Goffman’s appointment to the McConnell Visiting Professor Chair, in particular, which was established to “improve the tolerance and sympathy of individuals for each other and their understanding of their respective motivations,” the letter continues, does “not enhance a culture of inquiry and understanding on campus as we navigate a tumultuous time in our nation’s history.” Rather, it “boasts the framework that white women can theorize about and profit from black lives while giving no room for black academics to claim scholarship regarding their own lived experiences.”

In addition to killing Goffman’s offer, the group in its letter demands a meeting with the faculty hiring committee, the dean of faculty and President David W. Oxtoby by Wednesday to discuss “greater transparency in the process of hiring sociology faculty as well as the future direction of the sociology department as a whole.” It also seeks a formal letter from the faculty hiring committee by May 1 explaining why it originally hired Goffman, the alleged lack of “representative student involvement” in the decision, and future plans for transparency in hiring.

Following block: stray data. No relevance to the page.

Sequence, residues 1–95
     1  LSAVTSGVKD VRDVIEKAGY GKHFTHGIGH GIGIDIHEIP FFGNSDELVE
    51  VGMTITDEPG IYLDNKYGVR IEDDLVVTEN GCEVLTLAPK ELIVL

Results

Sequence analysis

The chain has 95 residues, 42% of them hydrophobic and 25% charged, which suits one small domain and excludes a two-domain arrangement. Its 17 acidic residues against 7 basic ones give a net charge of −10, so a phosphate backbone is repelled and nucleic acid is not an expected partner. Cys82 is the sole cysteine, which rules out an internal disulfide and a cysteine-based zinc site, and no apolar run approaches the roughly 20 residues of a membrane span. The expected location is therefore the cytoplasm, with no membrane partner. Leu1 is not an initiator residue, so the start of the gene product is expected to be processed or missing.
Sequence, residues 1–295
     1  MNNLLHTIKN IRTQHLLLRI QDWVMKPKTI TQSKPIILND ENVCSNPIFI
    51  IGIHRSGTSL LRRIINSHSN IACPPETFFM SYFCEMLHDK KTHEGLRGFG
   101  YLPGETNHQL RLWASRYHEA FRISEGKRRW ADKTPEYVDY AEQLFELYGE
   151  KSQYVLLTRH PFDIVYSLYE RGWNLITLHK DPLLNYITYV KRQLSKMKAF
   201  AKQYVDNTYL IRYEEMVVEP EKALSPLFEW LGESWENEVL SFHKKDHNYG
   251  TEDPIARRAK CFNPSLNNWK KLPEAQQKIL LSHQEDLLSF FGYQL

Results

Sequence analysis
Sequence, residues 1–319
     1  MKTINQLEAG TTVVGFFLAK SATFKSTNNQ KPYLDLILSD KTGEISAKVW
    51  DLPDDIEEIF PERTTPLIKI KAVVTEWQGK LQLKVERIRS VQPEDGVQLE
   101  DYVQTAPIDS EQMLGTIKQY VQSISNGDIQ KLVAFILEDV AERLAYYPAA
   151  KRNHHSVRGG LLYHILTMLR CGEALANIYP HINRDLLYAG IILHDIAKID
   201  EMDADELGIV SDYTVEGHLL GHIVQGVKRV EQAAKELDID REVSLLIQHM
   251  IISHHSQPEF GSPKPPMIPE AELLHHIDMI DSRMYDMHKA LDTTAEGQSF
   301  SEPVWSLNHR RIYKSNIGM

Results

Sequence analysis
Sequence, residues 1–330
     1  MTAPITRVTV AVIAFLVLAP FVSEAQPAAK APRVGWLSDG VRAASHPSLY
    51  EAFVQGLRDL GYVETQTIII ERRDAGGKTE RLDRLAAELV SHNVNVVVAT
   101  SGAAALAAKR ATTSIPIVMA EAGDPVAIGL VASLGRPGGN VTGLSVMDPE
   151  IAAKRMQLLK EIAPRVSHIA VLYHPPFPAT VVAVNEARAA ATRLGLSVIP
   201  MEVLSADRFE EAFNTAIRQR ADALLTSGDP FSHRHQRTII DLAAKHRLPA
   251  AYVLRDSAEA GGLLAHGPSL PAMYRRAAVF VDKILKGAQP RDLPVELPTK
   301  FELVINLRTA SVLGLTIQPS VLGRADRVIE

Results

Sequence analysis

The letter concludes by saying that Pomona supports diversity in theory but not in practice, and that students need “authentic mentors.” It asserts that the two other candidates for the visiting position were women of color who study structural inequality, and that Goffman’s hire over them will chill people of color’s involvement in the sociology department “for years to come.”

Threatening unspecified “direct action” if no response is received by Tuesday evening, the 128 signatories say their names have been redacted for “individual safety in recognition of the violence inflicted on communities of color by various publications,” including a conservative student newspaper that covers Pomona and other Claremont colleges.

Pomona’s chair of sociology did not respond to request for comment Monday. But Audrey Bilger, vice president for academic affairs and dean, said in an emailed statement that Pomona follows “a rigorous process when hiring faculty,” including “a range of activities, from a public presentation to faculty and students to meeting with our faculty diversity officer.” Saying that Goffman also met with students over lunch, Bilger said the college is “pleased that this process resulted in an offer and an acceptance, and we look forward to her joining our very active, vibrant academic community in the fall as a visiting professor.”